Such claims are generally based on little more than a handful of quotations from Mein Kampf. A more recent study has described Hitler’s dealings with Berlin as a ‘love–hate relationship’: his attitude to the city, we are told, was ‘deeply divided’ and ‘invariably troubled’. Like most politicians of the extreme right, he felt ‘an aversion to cities and to metropolises as such’. ‘On the one hand, his rejection of modern – urban – forms of existence was fundamental to his whole outlook, while on the other hand he was fascinated by the organism of metropolises in general and of Berlin in particular.’
While earlier studies have sought to ascribe Hitler’s attitude to Berlin to his alleged feelings of resentment, to his likes and dislikes and to psychological causes bound up with such emotions, Hitler’s Berlin attempts a concrete analysis of the changing political situation in order to show how his attitude kept shifting. This does not mean that Hitler’s emotional life will be excluded from our discussion, only that it is not the determining factor. Just as Hitler related his political, strategic and tactical decisions to the historical situation of the day, modifying or altering them where necessary, so his attitude to Berlin was dependent on the importance that he attached to the city in the light of changing political circumstances.
Ultimately this was not an emotional relationship that could be measured on a scale extending from love at one extreme to hatred at the other. Rather, it was what one might call an instrumental relationship, albeit one that was susceptible to change. This explains why, in the days before he became a politician, Hitler regarded the city as ‘wonderful’ because it was an expression of visible power and grandeur. At the time when the party was being built up, it was a resource centre and a place to forge contacts and to plot conspiracies. In keeping with its function within the country’s national, economic and social infrastructure, it was a place for party-political experiments, a place where variants of the National Socialists’ claims to power could be enforced, a place where the SA could limber up and advance its claims to be the ‘battering ram’ of the workers’ movement, a place, finally, where anti-Semitic attacks could be staged, Nazi rituals could be rehearsed and the conquest of the public arena could be planned in detail.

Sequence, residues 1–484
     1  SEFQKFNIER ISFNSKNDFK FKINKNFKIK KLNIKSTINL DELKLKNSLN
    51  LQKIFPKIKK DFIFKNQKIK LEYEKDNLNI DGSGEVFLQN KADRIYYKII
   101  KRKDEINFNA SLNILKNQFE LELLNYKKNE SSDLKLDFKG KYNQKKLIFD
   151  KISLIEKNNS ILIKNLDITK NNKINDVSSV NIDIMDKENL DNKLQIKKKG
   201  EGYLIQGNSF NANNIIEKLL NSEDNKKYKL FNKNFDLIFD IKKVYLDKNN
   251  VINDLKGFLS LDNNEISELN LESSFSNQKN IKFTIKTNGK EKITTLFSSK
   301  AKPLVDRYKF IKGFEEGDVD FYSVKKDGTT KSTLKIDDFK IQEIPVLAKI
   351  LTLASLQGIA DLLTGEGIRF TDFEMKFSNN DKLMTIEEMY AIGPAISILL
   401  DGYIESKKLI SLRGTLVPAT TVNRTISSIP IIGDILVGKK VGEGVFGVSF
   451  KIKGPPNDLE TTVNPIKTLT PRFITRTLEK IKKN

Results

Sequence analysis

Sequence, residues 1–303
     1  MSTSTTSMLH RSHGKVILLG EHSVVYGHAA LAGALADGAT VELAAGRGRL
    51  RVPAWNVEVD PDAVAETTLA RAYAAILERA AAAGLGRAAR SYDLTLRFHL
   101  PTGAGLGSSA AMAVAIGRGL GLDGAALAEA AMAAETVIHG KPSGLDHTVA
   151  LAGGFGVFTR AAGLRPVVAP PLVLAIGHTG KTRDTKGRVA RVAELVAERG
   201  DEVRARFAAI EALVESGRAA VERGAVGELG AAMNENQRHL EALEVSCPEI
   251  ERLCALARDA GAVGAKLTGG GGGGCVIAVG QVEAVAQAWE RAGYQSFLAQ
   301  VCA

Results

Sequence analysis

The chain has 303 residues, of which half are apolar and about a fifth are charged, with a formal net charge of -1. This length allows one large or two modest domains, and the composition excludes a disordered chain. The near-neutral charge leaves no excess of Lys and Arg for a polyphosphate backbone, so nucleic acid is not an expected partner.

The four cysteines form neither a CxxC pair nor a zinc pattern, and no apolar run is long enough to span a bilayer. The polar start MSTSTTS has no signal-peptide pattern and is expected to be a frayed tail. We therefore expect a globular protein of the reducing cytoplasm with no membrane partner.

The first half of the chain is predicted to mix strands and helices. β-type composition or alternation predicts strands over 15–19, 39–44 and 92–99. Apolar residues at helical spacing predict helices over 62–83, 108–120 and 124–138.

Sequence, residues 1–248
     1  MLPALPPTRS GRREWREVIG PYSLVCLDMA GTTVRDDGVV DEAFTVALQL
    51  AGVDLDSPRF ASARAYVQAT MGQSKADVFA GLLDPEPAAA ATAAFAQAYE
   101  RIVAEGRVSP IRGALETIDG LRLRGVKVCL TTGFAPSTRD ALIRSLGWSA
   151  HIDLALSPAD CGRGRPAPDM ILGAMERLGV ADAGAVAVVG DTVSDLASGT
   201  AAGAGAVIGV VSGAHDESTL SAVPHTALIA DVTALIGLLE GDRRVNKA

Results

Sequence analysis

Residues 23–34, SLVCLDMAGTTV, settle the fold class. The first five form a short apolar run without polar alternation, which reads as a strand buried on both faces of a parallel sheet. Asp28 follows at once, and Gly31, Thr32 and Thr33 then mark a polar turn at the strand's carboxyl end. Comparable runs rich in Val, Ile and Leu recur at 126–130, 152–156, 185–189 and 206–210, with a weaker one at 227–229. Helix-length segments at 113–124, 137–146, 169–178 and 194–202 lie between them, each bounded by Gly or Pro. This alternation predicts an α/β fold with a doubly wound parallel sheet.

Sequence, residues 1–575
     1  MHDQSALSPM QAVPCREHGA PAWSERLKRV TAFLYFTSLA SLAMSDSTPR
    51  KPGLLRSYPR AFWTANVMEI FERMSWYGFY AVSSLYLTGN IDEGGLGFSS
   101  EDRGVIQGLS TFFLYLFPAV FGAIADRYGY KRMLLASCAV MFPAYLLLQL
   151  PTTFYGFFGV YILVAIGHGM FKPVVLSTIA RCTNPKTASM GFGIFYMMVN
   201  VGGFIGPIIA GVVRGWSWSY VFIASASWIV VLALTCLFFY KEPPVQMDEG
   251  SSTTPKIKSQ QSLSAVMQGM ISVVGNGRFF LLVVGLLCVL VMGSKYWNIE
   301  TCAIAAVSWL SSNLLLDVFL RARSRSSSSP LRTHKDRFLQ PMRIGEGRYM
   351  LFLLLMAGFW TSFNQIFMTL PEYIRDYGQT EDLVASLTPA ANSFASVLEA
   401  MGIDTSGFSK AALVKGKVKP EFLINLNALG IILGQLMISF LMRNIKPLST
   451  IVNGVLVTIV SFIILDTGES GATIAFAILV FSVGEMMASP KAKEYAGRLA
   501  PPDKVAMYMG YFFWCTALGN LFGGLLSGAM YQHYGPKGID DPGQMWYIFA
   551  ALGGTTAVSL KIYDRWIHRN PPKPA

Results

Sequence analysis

In order to describe this process of instrumentalization in all its various manifestations, I felt it advisable to concentrate on the years before the National Socialists’ seizure of power, not least because the vast amount of available literature is in inverse proportion to the rise of the NSDAP from a tiny sect to a splinter group, and finally to a movement that embraced the masses. It is also this instrumentalization of the city for party-political ends that allowed Berlin to be ‘violated’ long before the transfer of power to the party made it possible for Hitler to treat the city as a kind of lab rat on which he could try out his architectural experiments and ideas on urban planning. From the outset, Hitler’s view of Berlin as a living organism on which to conduct experiments intended to reconfigure it meant that he not only lost sight of the overall structure of a conurbation that numbered four million souls but that that infrastructure was in fact a matter of profound indifference to him.
The massive and mysterious concrete building that was erected on the border between Tempelhof and Schöneberg in the summer of 1941 in order to test whether the ground would support the weight of the triumphal arch that was planned for this spot continues to weigh figuratively on Berlin, functioning as a symbol of the way in which the city remains oppressed by Hitler’s legacy, a legacy that still affects Berlin and that will continue to do so for the foreseeable future.
The late Thomas Friedrich grew up in Berlin and spent his adult life there. He was a museum curator and for many years was project leader for history at the Museum Education Service in Berlin. Hitler’s Berlin: Abused City is available now from Yale and is translated into English by Stewart Spencer.